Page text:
Carnival Corp. (NYSE: CCL), along with the rest of the cruise industry, has been one of the biggest losers from the coronavirus. While this cruise line operator recently announced some cancellations, it is doubling down.
The firm announced that it has canceled select itineraries for specific operations in 2021, as it implements its plans for the resumption of cruising in 2021. These included cruise operations in February from Miami, Port Canaveral and Galveston and moving the inaugural sailing of Mardi Gras until April 24, 2021.
The big selling point on the Mardi Gras was that it would be the first liquefied natural gas (LNG) powered ship in the Americas and would feature the first roller-coaster at sea.
Carnival is canceling the remaining itineraries scheduled to operate from Miami, Port Canaveral and Galveston through February 28.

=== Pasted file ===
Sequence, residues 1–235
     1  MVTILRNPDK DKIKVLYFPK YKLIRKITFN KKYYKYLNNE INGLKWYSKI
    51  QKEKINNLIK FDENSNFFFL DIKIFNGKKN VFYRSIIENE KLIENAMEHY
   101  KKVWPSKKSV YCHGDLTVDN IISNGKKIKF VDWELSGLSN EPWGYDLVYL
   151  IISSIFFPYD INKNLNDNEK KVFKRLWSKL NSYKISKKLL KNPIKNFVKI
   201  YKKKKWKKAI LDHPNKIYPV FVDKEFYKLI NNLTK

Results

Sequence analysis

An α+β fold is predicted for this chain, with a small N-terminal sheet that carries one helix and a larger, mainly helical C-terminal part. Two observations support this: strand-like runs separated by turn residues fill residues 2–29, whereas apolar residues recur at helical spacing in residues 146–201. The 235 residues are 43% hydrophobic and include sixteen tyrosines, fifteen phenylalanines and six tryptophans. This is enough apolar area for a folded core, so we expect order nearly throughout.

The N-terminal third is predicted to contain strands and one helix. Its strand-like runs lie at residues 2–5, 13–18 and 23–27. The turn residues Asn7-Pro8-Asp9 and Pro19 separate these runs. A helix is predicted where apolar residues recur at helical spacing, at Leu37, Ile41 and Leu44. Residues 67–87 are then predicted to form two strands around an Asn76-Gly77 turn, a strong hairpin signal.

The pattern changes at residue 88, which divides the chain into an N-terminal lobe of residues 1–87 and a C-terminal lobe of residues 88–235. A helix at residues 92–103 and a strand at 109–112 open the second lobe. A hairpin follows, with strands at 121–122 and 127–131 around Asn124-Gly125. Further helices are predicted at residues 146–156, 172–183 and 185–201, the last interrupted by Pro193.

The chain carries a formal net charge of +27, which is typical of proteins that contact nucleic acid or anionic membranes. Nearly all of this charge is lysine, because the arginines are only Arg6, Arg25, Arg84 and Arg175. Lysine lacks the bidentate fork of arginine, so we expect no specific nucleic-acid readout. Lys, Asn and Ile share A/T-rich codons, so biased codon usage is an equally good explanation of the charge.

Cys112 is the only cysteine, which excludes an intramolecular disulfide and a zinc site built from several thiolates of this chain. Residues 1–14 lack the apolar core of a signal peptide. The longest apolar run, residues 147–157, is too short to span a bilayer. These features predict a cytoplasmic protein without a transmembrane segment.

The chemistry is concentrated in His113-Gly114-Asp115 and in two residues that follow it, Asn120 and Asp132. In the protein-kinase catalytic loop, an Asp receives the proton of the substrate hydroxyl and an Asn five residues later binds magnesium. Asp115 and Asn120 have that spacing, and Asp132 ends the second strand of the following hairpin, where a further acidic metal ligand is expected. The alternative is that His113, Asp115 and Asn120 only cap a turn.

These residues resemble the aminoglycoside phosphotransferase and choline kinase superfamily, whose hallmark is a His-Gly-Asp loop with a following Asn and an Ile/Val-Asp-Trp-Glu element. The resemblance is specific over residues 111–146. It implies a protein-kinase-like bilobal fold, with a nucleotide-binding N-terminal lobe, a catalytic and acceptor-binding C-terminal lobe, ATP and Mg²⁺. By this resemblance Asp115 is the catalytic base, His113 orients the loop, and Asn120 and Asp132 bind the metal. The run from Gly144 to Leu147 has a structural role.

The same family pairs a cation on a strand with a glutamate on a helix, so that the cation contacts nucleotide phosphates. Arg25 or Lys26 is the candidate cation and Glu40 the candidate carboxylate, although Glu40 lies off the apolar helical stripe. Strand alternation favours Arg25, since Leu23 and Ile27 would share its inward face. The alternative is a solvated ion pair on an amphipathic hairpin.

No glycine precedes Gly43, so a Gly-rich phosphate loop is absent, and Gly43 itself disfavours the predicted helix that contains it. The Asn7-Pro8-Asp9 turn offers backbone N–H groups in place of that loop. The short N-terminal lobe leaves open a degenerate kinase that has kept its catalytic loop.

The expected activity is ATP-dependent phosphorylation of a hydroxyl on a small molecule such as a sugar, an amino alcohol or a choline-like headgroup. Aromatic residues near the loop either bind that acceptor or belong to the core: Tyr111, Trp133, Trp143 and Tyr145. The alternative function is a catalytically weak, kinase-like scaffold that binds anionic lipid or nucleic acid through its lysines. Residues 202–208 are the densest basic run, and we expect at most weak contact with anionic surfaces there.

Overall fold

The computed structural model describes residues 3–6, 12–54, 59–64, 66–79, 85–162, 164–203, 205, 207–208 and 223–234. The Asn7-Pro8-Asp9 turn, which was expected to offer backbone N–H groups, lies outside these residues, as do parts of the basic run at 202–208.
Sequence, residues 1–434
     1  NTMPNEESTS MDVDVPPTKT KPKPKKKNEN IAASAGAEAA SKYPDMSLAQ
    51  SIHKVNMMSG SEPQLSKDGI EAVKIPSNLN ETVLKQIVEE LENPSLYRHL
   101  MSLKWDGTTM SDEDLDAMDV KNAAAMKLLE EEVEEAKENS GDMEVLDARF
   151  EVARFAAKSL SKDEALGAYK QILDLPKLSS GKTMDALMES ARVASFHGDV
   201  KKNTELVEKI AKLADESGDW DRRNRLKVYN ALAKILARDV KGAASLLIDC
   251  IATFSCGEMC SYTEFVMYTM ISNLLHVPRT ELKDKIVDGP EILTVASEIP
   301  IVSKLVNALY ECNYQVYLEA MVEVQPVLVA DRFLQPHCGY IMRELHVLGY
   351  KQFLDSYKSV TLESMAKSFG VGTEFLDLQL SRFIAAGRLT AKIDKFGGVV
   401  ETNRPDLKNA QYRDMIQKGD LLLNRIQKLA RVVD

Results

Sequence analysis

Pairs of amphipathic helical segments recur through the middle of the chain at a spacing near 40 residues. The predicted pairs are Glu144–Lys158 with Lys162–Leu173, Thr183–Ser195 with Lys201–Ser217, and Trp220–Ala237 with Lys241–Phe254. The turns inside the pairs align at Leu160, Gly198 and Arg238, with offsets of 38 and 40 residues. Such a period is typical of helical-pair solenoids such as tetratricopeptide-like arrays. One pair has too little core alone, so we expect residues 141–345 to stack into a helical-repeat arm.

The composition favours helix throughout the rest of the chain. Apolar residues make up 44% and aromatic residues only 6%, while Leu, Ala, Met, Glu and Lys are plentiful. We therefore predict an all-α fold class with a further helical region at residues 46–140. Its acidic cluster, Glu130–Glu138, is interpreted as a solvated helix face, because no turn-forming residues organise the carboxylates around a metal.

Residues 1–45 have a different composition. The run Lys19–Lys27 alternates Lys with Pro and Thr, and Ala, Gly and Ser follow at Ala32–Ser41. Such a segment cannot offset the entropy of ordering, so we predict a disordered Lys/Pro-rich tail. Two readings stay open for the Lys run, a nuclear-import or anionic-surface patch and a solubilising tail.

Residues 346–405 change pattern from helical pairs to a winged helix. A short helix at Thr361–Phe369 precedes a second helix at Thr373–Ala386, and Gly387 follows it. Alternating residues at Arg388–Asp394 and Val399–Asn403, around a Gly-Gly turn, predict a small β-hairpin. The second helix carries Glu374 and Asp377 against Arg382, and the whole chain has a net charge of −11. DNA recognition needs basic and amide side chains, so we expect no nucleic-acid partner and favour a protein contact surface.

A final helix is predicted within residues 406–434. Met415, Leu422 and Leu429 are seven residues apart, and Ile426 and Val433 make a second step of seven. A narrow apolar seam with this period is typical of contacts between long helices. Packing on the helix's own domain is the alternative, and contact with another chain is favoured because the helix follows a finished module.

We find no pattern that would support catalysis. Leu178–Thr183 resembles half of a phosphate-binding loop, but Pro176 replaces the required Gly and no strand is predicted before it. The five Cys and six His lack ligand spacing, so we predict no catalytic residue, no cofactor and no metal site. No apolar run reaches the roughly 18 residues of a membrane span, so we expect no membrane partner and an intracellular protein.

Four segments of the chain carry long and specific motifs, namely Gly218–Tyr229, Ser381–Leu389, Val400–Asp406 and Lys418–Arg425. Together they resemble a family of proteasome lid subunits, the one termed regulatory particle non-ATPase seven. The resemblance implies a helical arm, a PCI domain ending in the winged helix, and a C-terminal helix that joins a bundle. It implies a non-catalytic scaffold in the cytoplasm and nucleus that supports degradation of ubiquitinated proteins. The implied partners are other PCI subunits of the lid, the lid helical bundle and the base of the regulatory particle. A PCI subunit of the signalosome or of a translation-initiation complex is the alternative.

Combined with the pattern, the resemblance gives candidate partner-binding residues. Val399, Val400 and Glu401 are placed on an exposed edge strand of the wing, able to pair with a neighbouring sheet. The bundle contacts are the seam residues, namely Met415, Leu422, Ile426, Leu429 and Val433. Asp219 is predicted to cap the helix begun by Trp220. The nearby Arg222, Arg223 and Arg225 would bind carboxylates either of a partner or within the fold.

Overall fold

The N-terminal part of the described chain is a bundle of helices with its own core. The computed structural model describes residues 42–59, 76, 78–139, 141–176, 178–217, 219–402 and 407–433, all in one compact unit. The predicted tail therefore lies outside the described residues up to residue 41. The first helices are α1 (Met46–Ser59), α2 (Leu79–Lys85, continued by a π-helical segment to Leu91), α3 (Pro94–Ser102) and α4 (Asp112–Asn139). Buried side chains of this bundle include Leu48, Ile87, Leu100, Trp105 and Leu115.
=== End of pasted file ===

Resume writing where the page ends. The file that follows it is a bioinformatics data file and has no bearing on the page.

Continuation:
Note out that Carnival recently conducted some financial wizardry and took on convertible debt in order to stay afloat.
The company announced last month that it would be canceling cruises for the first part of 2021. The firm is canceling all embarkations from U.S. homeports for the month of January. Additionally, embarkations from Baltimore, Charleston, Jacksonville, Long Beach, Mobile, New Orleans and San Diego will be canceled through the end of February. Also, embarkations on Carnival Legend out of Tampa will be canceled through March 26.
Carnival stock traded up 5% to $22.22 on Thursday, in a 52-week range of $7.80 to $51.94. The consensus price target is $16.54.